Murray Hunt is the Director of the Bingham Center for the Rule of Law at the British Institute of International and Comparative Law.
Imagine a day in the not-too-distant future. A new U.S. president has just been elected. Hugely popular, he enjoys a comfortable majority in both houses of Congress. His first legislative measure: something called the “Federal Courts Independence Act,” which stipulates the mandatory retirement of 40 percent of U.S. federal appeals-court judges (unless the president decides to let some of them stay on). The president will also have a role in determining the courts’ internal organization and rules of procedure, as well as in the disciplining of judges. The act sails through Congress on a wave of popular support. Voters have been persuaded that it is an obvious and patriotic answer to the problem of courts packed by previous presidents getting in the way of the new president’s long-overdue reforms in the name of the people.
Such a scenario could easily be dismissed as scaremongering. But this is, in fact, exactly what’s set to happen in Poland, in the heart of civilized Europe, on July 3. The Polish government, vowing to restore public trust in the judiciary by purging it of alleged communists appointed under the previous regime, will use the new “Act on the Supreme Court” to remove 27 judges — including the president of the Court — and replace them with new judges sympathetic to the current governing party.
The move has been condemned by all the international monitoring mechanisms for breaching long-standing and internationally agreed-upon standards for judicial independence — including the European Commission, the Venice Commission for Democracy through Law, the United Nations’ Special Rapporteur on the Independence of Judges and Lawyers. Lech Walesa, a Nobel Prize laureate and former Polish president, has warned of the danger the act presents to the rule of law.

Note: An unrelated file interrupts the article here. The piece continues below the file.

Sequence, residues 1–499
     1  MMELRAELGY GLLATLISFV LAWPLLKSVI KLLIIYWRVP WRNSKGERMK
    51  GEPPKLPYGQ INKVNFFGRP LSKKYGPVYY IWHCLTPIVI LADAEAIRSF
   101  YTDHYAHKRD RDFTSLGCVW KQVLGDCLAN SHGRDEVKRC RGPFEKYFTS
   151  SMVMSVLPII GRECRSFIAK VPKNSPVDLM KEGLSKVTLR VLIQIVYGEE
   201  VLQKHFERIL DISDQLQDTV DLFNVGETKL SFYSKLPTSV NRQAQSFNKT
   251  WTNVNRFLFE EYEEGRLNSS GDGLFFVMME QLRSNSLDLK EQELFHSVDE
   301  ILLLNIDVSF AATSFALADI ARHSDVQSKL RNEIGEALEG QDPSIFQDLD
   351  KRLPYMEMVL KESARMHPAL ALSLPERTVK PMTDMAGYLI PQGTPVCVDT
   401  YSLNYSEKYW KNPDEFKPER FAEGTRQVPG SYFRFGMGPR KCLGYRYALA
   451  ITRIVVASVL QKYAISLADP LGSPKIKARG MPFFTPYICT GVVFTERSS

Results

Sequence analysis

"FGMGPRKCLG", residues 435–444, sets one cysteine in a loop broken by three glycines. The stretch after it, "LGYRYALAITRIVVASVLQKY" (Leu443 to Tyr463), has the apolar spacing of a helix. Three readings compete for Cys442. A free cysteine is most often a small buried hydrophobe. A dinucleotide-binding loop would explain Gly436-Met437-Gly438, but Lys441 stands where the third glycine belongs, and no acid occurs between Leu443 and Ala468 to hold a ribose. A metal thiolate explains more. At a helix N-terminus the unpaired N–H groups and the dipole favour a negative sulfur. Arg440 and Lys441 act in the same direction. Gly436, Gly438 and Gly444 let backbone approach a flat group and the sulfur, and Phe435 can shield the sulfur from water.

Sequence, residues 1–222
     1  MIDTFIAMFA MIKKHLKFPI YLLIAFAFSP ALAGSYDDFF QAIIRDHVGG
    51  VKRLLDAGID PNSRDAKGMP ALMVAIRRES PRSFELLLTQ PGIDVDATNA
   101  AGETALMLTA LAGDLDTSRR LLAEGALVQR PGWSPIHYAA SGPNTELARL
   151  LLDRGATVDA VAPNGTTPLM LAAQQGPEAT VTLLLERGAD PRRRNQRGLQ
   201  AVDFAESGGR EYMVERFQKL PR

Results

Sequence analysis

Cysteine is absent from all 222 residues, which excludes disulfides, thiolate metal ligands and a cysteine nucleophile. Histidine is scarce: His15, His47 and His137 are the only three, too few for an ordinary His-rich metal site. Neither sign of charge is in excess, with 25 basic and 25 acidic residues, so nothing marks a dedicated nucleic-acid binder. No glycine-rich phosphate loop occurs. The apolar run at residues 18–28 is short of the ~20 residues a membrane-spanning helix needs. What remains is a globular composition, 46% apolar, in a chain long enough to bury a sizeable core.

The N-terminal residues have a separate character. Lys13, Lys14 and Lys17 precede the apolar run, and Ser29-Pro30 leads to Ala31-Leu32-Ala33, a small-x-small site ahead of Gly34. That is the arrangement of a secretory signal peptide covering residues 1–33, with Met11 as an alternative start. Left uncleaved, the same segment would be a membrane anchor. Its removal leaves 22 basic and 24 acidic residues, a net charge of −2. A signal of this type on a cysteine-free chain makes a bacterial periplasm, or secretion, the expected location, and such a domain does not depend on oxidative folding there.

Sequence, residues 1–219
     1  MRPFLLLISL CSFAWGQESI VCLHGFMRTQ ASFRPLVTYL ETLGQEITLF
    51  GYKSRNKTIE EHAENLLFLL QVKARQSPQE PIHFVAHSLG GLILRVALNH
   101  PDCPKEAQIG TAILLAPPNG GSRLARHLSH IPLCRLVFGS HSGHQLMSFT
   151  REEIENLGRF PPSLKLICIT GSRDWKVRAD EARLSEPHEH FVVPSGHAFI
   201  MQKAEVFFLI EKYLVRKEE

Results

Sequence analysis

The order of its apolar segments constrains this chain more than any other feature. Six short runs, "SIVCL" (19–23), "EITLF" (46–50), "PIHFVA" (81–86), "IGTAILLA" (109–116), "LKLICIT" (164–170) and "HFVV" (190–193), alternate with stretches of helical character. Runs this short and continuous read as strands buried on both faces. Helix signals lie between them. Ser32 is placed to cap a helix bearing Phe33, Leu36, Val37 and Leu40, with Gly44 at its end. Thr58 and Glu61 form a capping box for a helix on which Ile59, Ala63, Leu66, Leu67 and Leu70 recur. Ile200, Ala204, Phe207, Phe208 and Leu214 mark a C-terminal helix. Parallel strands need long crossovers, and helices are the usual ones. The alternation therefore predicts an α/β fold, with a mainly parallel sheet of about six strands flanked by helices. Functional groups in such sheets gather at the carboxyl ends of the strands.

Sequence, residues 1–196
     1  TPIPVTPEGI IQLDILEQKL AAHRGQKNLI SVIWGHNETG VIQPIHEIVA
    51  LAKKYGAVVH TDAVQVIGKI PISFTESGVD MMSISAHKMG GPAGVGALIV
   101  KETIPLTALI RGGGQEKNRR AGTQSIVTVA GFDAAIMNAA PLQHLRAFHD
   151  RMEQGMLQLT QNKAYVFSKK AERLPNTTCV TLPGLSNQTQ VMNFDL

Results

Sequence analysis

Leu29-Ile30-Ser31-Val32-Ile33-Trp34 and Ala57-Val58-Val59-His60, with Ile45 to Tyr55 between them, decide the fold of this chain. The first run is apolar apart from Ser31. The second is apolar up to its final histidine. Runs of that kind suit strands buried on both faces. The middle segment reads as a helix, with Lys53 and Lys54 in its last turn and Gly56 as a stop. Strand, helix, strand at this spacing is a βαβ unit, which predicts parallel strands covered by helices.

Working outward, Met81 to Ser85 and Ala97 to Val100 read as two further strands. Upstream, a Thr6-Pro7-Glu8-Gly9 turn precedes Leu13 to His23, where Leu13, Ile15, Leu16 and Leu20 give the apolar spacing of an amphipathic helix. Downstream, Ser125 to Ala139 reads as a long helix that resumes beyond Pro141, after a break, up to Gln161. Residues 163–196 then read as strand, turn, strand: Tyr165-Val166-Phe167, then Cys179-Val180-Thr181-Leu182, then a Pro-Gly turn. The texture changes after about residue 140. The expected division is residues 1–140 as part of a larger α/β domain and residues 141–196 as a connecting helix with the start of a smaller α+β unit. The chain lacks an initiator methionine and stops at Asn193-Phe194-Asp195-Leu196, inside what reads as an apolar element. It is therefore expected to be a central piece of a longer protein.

None of it has made any difference. Unless the Polish government backs down in the face of the infringement proceedings launched on Monday by the European Commission, the judges will be removed and the Polish Supreme Court effectively subjugated to the government. This move follows a similar round of equally destructive “reforms” imposed on the Polish Constitutional Tribunal and the ordinary courts. The rule of law is under serious and systemic attack.
Poland is merely the most extreme example of a more general trend. Judicial independence is under strain in democracies everywhere. Chief justices have recently been removed, or forced to resign, or are facing proceedings for their removal, in a number of countries: Bangladesh, the Philippines, India, Lesotho, and the Seychelles. Of course, judges are not above the law and, without question, there must be procedures to deal with judicial misconduct.
Yet there is no doubt that elected politicians around the world are increasingly targeting courts. Even in Britain, the land of the Magna Carta, the judges who ruled that Parliament must be consulted by the government before initiating the formal process for withdrawing from the European Union were condemned by newspaper front pages as “Enemies of the People.” It took several days before the government minister with responsibility for upholding the rule of law mounted any defense of the judges, following pressure to do so from Parliament.
The undermining of judicial independence should concern everyone who cares about constitutional government. This bedrock rule-of-law principle is vulnerable, and not just to assaults by governments intent on removing all possible sources of constraint on the implementation of their policies. It is also endangered by the complicity of legislatures that are sympathetic to the democratic critique of judicial power, and are afraid to assert their own independence in the face of powerful executives; by the hostility of the media — including social media — with its ever-growing ability to reach huge audiences with vilifying invective; and by the indifference of the public.
When we imagine the death of the rule of law, we usually envision some dramatic scenario, such as the edict of a military dictator who has usurped power by force. Yet the same end can also be pursued through more mundane actions, in the familiar constitutional forms of statutes passed by parliaments in a climate of hostility towards unelected judges, eroding constitutional norms such as judicial independence in the name of democracy itself.
Today’s threats to judicial independence come from across the political spectrum. Illiberal democracy can appeal as much to populists on the left as it does populists on the right. We urgently need a vigorous bipartisan defense of this most fundamental principle.
Paradoxically, the requirement that judges remain politically impartial means they are not well-placed to speak out against the erosion of their independence. It is time for everyone who shares a richer conception of pluralist democracy, in which the legitimate power of elected governments is subject to checks and balances, to stand up for judicial independence. Otherwise we may one day wake up to realize that this crucial bulwark of liberal democracy has been lost.